50's RCA coverage computer

Will a new FM antenna help my coverage?

Adapted from March 2000 Radio Guide Article .  by Chris Scott

Beacon Lamp change above a Shively Antenna

Perhaps more than any other question, inquiries about new methods of increasing station coverage without an allocation upgrade come up most frequently. The fm broadcast antenna is perhaps the least understood of all the station hardware, but more than any other piece, has the greatest potential for producing coverage gain or loss. While not intended to be a treatise on antenna theory, this note will identify some of the considerations involved in the selection process, and hopefully address some junk science myths that have been propagating throughout the industry. 

Theory versus real world.

The most popular fm broadcast antennas use a transmission line "backbone" joined with EIA RS-225 flanged junctions and are end or center fed. Element spacing is usually one-wavelength (ten feet) but sometimes is one-half to eliminate the end-fire mode of phase addition, lessening downward radiation. (The one-half vavelength spacing reduces gain per element, so I don't recommend it unless RF radiation safety requirements, or directional antenna ("DA") needs require it) These are designed to be side-mounted on a tower or tower-top pole. Officially these antennas are omnidirectional, producing a circular coverage pattern. Because of the proximity to the metallic tower structure however, they rarely are.

Pattern optimization is offered by most manufacturers as an option, modifying as necessary the design to create the most circular pattern possible on your tower. This is done by precisely modeling your tower on the outdoor test range, sometimes at reduced scale, with the antenna side mounted. The manufacturer does exactly the same thing when creating a "directional" antenna, but the goal is to intentionally distort the circular pattern.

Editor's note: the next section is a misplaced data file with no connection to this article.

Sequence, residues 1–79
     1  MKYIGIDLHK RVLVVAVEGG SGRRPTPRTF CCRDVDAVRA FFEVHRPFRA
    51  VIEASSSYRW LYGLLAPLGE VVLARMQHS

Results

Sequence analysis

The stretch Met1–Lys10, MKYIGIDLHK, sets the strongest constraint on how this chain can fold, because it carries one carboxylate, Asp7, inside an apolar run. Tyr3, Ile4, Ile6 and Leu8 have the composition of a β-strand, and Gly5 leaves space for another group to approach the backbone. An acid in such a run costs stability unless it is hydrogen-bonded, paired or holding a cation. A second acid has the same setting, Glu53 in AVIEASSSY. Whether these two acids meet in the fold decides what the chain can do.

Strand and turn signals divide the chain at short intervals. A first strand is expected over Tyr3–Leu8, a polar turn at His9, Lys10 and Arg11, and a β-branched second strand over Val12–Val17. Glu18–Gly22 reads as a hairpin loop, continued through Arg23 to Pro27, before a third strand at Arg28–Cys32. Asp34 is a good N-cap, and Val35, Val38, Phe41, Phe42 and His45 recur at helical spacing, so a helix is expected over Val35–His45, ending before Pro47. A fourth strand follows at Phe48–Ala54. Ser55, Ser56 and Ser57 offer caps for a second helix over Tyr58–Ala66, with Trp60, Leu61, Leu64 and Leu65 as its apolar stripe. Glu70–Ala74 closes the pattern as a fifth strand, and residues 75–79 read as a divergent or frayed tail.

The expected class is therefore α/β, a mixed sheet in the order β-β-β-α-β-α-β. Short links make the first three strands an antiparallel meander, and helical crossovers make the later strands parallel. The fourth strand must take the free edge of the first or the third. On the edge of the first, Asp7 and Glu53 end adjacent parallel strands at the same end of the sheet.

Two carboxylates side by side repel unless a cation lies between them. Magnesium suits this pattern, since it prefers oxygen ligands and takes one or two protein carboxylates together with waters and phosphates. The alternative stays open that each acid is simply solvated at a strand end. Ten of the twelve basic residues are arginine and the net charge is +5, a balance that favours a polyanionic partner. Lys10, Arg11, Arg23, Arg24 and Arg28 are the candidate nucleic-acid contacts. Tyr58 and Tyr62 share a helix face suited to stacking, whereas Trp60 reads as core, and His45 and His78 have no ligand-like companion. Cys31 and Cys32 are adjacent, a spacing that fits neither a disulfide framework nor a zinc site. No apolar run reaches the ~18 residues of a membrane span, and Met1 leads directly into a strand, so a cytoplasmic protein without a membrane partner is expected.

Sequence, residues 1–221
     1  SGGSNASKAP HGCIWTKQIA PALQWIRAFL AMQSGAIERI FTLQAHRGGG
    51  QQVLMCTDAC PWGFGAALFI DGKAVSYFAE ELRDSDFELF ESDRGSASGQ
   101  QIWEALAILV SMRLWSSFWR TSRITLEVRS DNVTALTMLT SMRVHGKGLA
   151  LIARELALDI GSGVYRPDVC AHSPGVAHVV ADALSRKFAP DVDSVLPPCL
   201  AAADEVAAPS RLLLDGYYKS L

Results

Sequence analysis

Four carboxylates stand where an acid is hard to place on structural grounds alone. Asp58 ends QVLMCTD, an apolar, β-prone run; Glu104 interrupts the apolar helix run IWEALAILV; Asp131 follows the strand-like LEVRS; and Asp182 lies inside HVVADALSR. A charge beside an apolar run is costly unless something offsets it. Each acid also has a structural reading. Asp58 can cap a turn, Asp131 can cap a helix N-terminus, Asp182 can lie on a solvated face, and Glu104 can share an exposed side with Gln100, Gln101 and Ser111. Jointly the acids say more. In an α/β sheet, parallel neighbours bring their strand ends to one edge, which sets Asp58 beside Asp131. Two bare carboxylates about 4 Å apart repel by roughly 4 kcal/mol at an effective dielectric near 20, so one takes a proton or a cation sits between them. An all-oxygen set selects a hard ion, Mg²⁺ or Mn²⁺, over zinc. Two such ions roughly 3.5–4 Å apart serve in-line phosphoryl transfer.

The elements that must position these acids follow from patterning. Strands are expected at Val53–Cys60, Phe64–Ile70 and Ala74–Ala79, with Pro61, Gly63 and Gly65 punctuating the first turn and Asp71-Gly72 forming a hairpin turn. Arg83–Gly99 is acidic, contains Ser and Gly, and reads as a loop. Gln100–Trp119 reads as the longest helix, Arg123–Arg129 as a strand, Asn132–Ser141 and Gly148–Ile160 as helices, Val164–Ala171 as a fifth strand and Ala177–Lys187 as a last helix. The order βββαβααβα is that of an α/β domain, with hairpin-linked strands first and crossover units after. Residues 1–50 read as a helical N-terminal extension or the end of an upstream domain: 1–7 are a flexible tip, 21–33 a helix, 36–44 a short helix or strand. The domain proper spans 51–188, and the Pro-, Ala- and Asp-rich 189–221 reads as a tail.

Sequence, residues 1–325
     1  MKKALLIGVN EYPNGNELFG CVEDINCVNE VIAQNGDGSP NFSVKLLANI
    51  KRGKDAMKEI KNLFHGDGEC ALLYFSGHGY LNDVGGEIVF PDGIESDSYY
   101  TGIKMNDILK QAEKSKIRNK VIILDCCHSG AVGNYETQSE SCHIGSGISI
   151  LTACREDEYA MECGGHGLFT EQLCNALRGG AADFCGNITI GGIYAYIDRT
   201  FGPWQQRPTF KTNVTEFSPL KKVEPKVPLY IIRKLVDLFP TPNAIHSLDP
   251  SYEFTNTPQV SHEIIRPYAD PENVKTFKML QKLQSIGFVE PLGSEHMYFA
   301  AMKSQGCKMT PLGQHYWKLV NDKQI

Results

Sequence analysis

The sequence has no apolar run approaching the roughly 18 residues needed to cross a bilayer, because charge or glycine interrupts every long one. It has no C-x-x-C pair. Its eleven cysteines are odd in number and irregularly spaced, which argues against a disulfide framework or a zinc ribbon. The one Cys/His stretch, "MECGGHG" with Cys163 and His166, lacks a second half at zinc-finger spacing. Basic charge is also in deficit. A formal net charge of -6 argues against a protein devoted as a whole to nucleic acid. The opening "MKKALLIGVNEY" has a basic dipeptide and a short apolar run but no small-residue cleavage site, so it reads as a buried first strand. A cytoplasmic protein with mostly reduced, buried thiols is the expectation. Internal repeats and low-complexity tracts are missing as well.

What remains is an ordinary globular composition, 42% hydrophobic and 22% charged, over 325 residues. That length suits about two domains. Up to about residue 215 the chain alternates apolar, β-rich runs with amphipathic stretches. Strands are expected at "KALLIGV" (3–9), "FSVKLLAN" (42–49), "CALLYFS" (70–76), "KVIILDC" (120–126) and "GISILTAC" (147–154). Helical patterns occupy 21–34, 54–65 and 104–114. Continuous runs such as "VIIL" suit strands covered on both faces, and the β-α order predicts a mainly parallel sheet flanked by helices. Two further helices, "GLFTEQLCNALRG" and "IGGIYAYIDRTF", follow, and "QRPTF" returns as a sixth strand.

The pattern that results naturally when side-mounting an fm antenna on a steel tower is often far from circular. If we consider just the vertical component of the radiation, (which is received most favorably by vertical automobile antennas) there is quite often a boost in the signal in the direction of the antenna mounting. Typically, this is about two to three dB, or nearly a doubling of power. This gain is produced at the price of a loss in the opposite direction. When considering just the vertical radiation, the mounting method and the tower width (cross-section) modify this basic result, although usually not appreciably until the width nears five feet, which is about a half wavelength at fm frequencies.

Complicating matters further is the behavior of the horizontal component of the radiation, the portion received best by horizontal antennas. When the antenna is mounted on the side of narrow pole or small cross-section tower, this portion often resembles a circular pattern, but as the tower width increases, very strange patterns may result, sometimes with minimum radiation in the direction of antenna mounting.

Enterprising station engineers learned that although the FCC classified their antenna as omnidirectional, in truth it was not, and rather than rolling the dice with their station's coverage, some have been known to tweak the antenna mounting while monitoring signal levels in critical market locations, seeking the most favorable results. Enter a gray legal area; some antenna manufacturers will not do this because in the strictest sense, it represents directionalizing the antenna, purposely orienting it in a way that may not produce the best omnidirectional pattern. The line is clearly drawn when it comes to actually modifying the structure by adding additional, or parasitic elements near the antenna bays. There is a case on record where a station actually installed screens behind each antenna bay that served as reflectors to direct the rf energy toward the market, a clearly illegal modification. In another case, a licensee replaced the metallic parasitic reflector elements in his licensed DA with fiberglass rods - again a serious FCC violation in the making.